Bahram V

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Bahram V, also known as: Bahram Gur - ruler of Persia from the Sassanid Empire, son of Yazdegerd I. Bahram inherited the throne at 420/421 after his father's sudden death (murder?), Reigned until 438. He waged wars with variable luck with the Christian Byzantium, he also repelled the Hephthalite invasion. Above all, however, he became famous among posterity as a ruler who loved the joys of life and was sensitive to the fate of the people.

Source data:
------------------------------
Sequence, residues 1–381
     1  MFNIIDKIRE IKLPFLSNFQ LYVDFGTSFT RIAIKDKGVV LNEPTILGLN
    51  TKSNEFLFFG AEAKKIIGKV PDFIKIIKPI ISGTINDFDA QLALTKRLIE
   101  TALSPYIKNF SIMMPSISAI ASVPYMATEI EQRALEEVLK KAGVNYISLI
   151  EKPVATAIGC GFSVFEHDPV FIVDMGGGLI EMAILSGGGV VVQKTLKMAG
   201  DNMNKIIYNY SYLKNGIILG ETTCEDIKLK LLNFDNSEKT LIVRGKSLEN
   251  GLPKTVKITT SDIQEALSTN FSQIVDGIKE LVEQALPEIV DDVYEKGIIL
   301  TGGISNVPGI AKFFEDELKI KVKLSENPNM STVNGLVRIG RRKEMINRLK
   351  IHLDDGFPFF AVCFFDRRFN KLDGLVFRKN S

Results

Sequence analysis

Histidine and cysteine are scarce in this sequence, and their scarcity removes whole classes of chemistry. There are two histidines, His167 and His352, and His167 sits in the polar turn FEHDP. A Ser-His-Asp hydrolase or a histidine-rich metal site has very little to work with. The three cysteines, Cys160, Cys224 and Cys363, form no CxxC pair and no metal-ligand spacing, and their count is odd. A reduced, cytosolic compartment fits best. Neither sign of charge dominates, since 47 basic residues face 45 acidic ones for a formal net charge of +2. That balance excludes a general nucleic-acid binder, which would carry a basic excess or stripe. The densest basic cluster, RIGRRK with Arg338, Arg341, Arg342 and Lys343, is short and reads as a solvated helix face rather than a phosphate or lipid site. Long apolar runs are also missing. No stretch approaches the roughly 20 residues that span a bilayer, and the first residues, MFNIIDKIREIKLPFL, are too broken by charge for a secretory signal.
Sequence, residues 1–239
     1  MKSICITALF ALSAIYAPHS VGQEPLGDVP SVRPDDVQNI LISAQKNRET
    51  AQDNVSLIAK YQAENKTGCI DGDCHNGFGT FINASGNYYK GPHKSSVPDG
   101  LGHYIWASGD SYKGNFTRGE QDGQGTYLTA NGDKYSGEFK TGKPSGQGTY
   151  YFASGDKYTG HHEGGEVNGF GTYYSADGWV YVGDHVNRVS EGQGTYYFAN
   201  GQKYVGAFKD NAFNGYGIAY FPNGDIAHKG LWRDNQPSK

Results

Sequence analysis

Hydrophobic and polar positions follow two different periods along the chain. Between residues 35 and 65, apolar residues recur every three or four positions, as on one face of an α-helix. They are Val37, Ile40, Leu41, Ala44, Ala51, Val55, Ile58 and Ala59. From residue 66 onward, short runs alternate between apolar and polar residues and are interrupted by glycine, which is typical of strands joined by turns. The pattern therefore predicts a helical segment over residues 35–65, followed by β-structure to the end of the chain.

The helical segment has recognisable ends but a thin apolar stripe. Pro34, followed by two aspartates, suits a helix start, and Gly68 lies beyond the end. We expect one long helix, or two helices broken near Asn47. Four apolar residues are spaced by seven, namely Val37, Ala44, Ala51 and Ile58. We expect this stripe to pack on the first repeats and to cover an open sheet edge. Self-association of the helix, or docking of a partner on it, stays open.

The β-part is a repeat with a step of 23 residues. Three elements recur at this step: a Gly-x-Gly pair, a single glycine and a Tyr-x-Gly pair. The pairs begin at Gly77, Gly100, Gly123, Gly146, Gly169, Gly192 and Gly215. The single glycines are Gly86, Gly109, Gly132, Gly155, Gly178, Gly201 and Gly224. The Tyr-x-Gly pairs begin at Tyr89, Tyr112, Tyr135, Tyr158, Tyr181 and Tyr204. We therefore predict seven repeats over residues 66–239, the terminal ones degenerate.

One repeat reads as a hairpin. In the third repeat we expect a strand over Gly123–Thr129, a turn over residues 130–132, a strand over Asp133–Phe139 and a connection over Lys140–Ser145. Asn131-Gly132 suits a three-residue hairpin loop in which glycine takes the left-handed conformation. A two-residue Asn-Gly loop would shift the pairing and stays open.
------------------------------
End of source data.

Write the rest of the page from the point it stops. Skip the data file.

He was called the Gur (Literally meaning: Onager), as he was keen on hunting Onagers, small animals of the equine family. He is the hero of numerous Persian and Arab legends. Omar Khayyam, Firdausi, and Hamza of Isfahan devoted his works to him. There is also quite a credible message about the origin of the Roma people associated with him[1]

Contemporary historians, however, see him as a relatively weak ruler, excessively succumbing to the clergy of Zoroastrianism and the nobility.

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